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    Broadcast Journalism

    School of Journalism, Media and Communication, Faculty of Social Sciences

    Would you like to be a broadcast journalist, searching out stories and telling them in engaging and creative ways? Study on our BJTC-accredited course and learn how to research, interview, write, record, film, edit and present for TV, radio, podcast, social and digital media.
    Students record in the radio suite

    Course description

    Are you determined, articulate and fascinated by news and current affairs? Is your ambition to work as a reporter or producer in radio and television news, or maybe to launch a ground-breaking podcast?

    This course will teach you vital broadcasting and digital media skills using industry-standard software and equipment, then provide you with the opportunity to go out into the city to put your skills to the test.

    We invest heavily in audio and video facilities, so you'll be immersed in TV, radio, podcasts and online techniques from day one. Nurture your skills using our TV news studio and gallery, radio studios and production booths, all laden with the same industry-standard equipment and software used by the professionals.

    You'll be taught by current and former broadcast journalists, editors and media professionals, who will show you how to find and research news stories, conduct interviews, record and edit the material for broadcast as well as for web and social media.

    Our experts in media law, regulation and public affairs will make sure your journalism is responsible and ethical as well as hard-hitting. 

    On newsdays, you'll work against the clock as part of a team that goes out into the city to find the news, shoot footage and create bulletins to meet tight deadlines back at the newsroom.

    It's demanding work, but that's how our students finish the degree newsroom-ready, as complete broadcast journalists: many of our alumni secure jobs in a newsroom within the first six months after graduating, whilst others win awards for their work before they’ve even graduated.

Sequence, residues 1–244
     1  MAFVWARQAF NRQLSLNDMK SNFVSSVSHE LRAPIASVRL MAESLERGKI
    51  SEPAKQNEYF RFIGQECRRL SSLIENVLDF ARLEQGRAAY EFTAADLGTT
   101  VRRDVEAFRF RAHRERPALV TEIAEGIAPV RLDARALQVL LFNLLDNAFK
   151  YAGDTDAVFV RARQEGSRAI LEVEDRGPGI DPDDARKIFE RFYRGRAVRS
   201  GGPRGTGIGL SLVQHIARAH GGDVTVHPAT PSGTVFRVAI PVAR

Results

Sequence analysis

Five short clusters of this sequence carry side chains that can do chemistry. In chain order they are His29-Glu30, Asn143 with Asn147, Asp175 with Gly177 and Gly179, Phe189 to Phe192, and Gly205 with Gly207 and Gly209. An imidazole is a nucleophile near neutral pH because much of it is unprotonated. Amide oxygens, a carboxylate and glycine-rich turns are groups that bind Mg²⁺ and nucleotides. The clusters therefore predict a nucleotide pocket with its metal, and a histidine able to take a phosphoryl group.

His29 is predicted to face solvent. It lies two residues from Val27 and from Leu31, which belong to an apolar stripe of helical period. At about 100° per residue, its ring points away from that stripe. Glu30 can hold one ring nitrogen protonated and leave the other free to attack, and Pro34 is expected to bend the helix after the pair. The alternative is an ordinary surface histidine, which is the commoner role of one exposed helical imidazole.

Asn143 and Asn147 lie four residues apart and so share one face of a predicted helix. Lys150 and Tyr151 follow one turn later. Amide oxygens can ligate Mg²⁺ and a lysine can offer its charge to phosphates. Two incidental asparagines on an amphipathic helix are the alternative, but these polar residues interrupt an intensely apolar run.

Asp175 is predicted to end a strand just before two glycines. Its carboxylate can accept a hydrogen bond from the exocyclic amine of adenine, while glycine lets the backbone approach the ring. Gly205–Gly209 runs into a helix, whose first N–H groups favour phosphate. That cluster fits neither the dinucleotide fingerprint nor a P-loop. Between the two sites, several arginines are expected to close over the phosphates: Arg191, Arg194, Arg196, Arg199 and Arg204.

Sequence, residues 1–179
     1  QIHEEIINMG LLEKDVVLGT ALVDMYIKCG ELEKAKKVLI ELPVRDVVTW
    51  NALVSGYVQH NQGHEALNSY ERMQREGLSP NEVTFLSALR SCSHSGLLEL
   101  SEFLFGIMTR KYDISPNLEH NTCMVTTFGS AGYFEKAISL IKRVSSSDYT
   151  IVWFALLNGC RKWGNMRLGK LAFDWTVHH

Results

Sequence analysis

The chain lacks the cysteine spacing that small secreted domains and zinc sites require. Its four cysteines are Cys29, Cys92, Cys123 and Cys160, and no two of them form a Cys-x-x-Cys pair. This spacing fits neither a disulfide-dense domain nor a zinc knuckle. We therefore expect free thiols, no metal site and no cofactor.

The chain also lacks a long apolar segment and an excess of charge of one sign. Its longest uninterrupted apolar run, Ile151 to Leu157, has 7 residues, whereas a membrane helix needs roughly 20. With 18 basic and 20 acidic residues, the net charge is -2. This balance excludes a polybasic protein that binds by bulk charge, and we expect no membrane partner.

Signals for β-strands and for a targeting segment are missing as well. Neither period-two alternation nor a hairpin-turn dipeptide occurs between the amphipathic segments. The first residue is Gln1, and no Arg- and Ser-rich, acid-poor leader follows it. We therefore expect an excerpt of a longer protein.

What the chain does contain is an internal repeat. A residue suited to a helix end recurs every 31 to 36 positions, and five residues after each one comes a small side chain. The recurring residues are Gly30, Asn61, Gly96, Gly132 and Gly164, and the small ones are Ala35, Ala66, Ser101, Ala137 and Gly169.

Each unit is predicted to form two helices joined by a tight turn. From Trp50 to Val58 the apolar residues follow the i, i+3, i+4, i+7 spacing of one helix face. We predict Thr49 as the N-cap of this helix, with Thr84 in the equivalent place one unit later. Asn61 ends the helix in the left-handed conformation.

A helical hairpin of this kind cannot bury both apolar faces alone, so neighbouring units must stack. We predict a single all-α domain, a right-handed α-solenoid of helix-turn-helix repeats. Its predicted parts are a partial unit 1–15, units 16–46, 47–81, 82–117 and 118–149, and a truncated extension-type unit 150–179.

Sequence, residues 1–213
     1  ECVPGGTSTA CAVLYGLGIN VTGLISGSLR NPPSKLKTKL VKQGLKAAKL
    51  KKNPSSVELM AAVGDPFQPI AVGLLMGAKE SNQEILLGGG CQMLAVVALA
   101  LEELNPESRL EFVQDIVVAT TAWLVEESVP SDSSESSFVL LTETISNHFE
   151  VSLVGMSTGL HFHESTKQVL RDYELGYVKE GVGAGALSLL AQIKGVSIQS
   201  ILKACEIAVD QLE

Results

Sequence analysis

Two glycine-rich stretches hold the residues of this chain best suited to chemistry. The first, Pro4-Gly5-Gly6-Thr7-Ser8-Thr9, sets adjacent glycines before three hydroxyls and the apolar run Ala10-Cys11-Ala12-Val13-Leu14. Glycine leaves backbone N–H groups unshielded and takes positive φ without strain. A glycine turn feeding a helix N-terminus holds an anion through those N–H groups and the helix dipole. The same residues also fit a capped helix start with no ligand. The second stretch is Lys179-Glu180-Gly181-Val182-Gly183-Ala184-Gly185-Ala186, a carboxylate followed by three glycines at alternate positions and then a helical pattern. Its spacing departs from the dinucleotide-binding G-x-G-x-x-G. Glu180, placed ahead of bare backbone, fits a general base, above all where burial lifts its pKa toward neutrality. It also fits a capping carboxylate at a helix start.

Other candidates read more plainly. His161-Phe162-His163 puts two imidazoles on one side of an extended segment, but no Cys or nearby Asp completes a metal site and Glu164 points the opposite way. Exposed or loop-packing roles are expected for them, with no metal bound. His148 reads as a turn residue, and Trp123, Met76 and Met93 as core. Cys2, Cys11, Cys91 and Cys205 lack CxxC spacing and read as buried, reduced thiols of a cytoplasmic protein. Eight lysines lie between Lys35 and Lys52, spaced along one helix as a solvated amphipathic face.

This degree is professionally accredited by the Broadcast Journalism Training Council (BJTC), an important benchmark of quality recognised across the UK media industry.

    You will also have the opportunity to take extra exams as part of the NCTJ Diploma. This includes shorthand and media law.


    A selection of modules is available each year - some examples are below. There may be changes before you start your course. From May of the year of entry, formal programme regulations will be available in our Programme Regulations Finder.

    Core modules:

    Researching News

    Finding, researching, and developing news stories is a basic journalistic skill and one that is common to all media. This module is intended to equip students with the understanding, knowledge, insights and skills necessary for effective journalistic research and news gathering. It seeks to develop in students some of the basic practical skills involved - such as effective interviewing and researching - with the development of 'news sense' and an understanding of the potential sources of news in a variety of settings. It will demonstrate the generic nature of news gathering skills across all media.